GI tags for over 17 products from Odisha, Arunachal Pradesh, West Bengal, and J&K

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The traditional Lanjia Saura paintings, the exquisitely embroidered Dongaria Kondh shawl, the delicious Khajuri Guda from Odisha and the Handmade Carpets and Wancho Wooden Craft from Arunachal Pradesh were among the 17 products that bagged the Geographical Indications (GI) tag on Thursday.

The Lanjia Saura paintings are a style of wall mural art. Those paintings also called ekons or the idital, and have a significant spiritual importance for the tribe. The Lanjia Sauras are an indigent society today, and labour in preserving their culture – the iditals being an important part of it.

The traditional knitted shawls of the hill tribe Dongaria Kondh are both unique and ancient. Their culture, tradition, faith, and beliefs, as well as the biodiversity of their forests are reflected in the shawls. Dharanipenu, the much adored goddess of the Dongaria, has a home in every village. The art and drawings made in the Dharanipenu residence are reflected in their shawls. Although the modern world has had significant impact on their traditional apparel, the Dongaria shawl continues to be popular with the tribe.

Odisha’s Khajuri Guda (date palm jaggery) is a natural sweetener produced from the sweet juice of palm called neera. The jaggery is prepared by the tribal populations, including the Lanjia Saura, of Gajapati, Boudh, Angul, and Dhenkanal districts in Odisha.

From Arunachal Pradesh, the Wancho Wooden Craft intimately weaves into the socio-cultural fabric of the skilful Wancho of Longding and Changlong districts. This rare ethnic art has been practiced by these Wancho tribes since many a generation. It is used both to decorate their own drawing rooms and also as a gift to beloved friends. In the past, the Wanchos would make wood carvings to decorate the posts and log drums in the paa or paang (boys‘ dormitory) or to decorate the village chief‘s house.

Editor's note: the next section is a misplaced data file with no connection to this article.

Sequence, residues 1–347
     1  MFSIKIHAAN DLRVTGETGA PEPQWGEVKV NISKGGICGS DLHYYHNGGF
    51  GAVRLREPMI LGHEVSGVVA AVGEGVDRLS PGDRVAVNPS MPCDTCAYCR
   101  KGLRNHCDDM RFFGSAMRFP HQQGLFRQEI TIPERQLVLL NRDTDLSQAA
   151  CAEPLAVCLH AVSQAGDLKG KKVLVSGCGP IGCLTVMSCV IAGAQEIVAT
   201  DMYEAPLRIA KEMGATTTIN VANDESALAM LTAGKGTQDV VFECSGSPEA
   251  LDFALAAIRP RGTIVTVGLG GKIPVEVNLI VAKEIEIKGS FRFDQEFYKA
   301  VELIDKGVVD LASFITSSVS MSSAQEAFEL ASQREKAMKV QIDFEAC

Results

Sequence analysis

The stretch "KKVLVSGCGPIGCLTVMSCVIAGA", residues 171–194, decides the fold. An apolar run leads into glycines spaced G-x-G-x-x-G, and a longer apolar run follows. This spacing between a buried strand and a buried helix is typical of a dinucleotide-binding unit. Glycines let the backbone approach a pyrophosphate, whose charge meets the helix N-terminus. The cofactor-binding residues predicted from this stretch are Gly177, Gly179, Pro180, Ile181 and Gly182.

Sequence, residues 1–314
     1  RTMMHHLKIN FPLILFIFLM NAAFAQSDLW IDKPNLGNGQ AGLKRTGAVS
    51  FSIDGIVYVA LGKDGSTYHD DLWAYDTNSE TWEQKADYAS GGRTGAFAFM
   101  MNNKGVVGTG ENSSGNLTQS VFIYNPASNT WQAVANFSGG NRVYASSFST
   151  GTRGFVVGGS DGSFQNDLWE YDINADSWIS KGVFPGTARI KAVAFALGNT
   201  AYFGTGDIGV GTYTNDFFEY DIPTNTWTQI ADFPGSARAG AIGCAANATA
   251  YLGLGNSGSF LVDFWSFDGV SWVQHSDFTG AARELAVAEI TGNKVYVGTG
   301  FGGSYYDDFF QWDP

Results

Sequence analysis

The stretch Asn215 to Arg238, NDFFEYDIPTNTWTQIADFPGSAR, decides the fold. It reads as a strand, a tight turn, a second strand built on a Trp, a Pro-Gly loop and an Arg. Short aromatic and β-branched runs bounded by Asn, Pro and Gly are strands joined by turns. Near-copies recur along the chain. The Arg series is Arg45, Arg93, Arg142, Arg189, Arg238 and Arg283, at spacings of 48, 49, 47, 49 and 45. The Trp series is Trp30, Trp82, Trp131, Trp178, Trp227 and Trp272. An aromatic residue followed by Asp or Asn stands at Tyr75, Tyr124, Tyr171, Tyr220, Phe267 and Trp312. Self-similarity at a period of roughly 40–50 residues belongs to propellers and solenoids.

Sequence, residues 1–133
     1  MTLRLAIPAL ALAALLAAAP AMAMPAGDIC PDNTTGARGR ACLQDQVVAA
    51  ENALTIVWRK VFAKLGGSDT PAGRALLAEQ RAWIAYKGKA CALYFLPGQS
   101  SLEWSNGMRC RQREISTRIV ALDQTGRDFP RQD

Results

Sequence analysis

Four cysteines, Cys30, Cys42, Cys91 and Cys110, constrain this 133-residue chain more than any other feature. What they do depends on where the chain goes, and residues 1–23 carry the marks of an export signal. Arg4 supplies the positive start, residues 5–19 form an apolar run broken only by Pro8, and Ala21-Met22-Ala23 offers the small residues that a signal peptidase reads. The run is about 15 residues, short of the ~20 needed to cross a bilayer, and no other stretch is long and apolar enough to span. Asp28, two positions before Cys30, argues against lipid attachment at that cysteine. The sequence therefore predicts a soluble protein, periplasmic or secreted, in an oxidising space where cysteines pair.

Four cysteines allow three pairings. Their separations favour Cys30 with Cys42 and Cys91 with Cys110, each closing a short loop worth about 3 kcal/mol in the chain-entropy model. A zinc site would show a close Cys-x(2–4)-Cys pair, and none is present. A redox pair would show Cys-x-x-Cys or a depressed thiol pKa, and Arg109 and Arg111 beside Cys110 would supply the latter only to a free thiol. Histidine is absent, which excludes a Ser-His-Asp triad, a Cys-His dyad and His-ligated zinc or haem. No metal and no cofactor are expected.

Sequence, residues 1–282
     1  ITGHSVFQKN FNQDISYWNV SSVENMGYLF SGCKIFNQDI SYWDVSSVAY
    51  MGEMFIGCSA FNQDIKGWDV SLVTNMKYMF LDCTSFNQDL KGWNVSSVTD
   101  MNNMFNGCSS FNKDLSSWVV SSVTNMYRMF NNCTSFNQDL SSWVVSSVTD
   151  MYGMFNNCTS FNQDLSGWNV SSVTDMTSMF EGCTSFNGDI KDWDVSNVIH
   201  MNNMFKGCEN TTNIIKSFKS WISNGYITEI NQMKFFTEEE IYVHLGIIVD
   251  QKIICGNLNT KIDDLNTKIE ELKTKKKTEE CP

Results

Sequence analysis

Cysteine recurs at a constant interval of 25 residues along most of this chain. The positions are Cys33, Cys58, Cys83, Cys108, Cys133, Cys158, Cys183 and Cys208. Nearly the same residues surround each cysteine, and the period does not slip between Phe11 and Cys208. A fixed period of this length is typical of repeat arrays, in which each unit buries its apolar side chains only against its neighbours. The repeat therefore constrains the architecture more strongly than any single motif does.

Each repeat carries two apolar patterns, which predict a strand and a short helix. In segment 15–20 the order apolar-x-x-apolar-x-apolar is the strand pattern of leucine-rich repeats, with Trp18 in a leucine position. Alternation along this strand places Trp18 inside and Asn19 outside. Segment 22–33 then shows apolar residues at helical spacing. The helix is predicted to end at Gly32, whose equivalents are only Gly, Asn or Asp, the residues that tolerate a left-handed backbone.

Apart from this the Geographical Indications Registry in Chennai has also given tags to three products from West Bengal – the Tangail Saree of Bengal, Garad Saree and Korial saree. Odisha’s Dhenkanal Magji, a milk product and Similipal Kai Chutney also got a GI tag. The ‘Kai’ is indigenous to Mayurbhanj and Keonjhar which are found in abundance in the jungles of every block areas of the districts. The Kai Chutney prepared from these Kai is the main source of protection to the health and safety measures of the local tribes. The tribes in the Mayurbhanj and Keonjhar District commonly use the chutney as a delicious food and traditional medicine to treat different aliments in their daily life.

The Nayagarh Kanteimundi Brinjal, a vegetable crop with lots of prickly thorns on the flesh as well as the whole plant grown in whole of Nayagarh district of Odisha also received a tag. The other products that were given a GI tag are West Bengal’s Kalonunia Rice, West Bengal’s Sundarban Honey, Gujarat’s Kachchhi Kharek; Jammu Kashmir’s Ramban Anardana; Koraput Kalajeera Rice and the Arunachal Pradesh Adi Kekir (Ginger).

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